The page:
Yet the longer the protests drag out without any tangible result, the bigger the risk that the opposition will either lose street supporters or dissolve amidst infighting between the protests’ 13 participating parties.
"Their problem is time and too much diversity. . .’" Turmanidze continued. "If there are still supporters in the streets, they cannot go right away to negotiate. If there are no supporters, they cannot go to negotiate anyway because there is no point. They are in a rough position."
Opposition leaders have added some variety to the mix; prison cages and a few tents have gone up outside of the presidential residence and public television headquarters. Another cage made a one-day appearance outside of the government chancellery on April 15.
Yet by making Saakashvili’s resignation its defining slogan, the opposition has left itself little room for maneuver, argued Giorgi Khutsishvili, a political analyst who has been involved in talks with the European Union and the opposition about identifying a framework for discussions.
"Incompatible conditions [make it] very hard to start negotiations," he said. "The government is not ready to offer proposals that would be interesting for them."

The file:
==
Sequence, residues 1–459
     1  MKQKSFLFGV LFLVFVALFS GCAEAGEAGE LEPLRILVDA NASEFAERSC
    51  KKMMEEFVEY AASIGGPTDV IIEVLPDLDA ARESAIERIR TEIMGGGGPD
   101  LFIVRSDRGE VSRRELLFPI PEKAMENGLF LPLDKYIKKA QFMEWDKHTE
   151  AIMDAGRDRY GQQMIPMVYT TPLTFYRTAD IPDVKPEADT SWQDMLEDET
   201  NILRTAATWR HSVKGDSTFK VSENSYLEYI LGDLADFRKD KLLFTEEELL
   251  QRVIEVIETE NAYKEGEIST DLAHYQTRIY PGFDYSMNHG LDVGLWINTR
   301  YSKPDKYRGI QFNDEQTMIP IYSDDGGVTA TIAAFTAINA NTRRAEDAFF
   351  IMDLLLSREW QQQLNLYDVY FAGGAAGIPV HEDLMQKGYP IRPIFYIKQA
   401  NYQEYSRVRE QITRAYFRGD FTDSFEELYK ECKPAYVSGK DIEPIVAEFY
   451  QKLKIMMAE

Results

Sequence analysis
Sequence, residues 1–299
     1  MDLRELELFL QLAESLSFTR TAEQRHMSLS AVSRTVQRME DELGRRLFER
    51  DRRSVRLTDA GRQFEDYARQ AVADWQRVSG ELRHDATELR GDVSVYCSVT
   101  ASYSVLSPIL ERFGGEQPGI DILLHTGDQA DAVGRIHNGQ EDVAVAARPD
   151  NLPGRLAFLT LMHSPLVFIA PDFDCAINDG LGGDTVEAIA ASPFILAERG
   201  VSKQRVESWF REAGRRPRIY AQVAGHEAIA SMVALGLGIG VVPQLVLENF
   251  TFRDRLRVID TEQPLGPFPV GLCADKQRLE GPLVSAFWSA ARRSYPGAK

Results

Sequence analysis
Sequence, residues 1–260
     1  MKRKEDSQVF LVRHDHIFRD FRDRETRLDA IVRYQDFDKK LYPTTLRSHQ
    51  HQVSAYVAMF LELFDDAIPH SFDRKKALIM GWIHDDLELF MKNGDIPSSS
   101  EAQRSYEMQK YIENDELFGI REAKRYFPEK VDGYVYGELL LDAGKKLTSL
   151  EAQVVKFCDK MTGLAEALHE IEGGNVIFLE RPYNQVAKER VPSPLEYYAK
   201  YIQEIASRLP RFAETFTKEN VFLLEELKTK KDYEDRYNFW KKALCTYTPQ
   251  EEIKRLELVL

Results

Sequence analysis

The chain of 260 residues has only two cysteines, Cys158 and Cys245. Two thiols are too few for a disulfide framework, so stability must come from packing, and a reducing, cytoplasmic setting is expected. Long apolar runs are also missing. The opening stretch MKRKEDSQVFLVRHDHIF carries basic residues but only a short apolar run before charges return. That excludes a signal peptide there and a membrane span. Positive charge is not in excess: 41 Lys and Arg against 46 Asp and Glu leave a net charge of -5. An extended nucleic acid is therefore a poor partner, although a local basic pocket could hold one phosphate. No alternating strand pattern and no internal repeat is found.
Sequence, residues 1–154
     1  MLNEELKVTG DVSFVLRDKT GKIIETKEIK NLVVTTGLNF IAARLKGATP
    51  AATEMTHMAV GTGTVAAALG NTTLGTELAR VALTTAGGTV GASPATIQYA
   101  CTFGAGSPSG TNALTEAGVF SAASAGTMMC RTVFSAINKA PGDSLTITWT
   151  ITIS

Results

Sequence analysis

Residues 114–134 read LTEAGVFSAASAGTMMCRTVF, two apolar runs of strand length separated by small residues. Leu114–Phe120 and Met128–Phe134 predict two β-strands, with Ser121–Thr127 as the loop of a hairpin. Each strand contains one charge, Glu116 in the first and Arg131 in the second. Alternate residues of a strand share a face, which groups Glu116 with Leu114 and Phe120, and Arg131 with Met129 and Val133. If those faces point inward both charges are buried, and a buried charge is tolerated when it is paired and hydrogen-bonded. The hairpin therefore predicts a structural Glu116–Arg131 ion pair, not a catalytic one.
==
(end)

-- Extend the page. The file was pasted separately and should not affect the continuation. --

Alasania stated that the opposition is aware that the protests cannot last forever.
"I do believe at a certain point we have to reach the agreement that the discussion should be taken from the street to the relevant negotiating tables," he said.
The week of April 20, when protest organizers have promised to begin bussing in supporters from the regions, "will be crucial for the demonstration," he added. Rallies will continue through the April 18-19 Georgian Orthodox Easter weekend, although party leaders may not address the crowd.
Analyst Turmanidze believes that ongoing street attacks by unidentified men against opposition supporters could add to the political pressure and potentially, prompt more people to join the rallies next week from sheer outrage.
The Public Defender’s Office states that there have been five incidents of opposition activists beaten after protest rallies since April 10. The government maintains it is looking into all the incidents; civil society groups like the Georgian Young Lawyers Association have accused the authorities of not "reacting" to the alleged crimes.
In remarks to journalists on April 16, the European Union’s special envoy to the South Caucasus, Peter Semneby, tagged the lack of trust as one of the largest obstacles to starting talks between the government and opposition. Semneby met on Thursday individually with opposition leaders in a bid to find some bridge for dialogue with the government.
"Once that trust starts to be reestablished, then I think there are possibilities for a dialogue to take place, a dialogue that this country so dearly needs," he said.
Editor's Note: Molly Corso is a freelance reporter based in Tbilisi.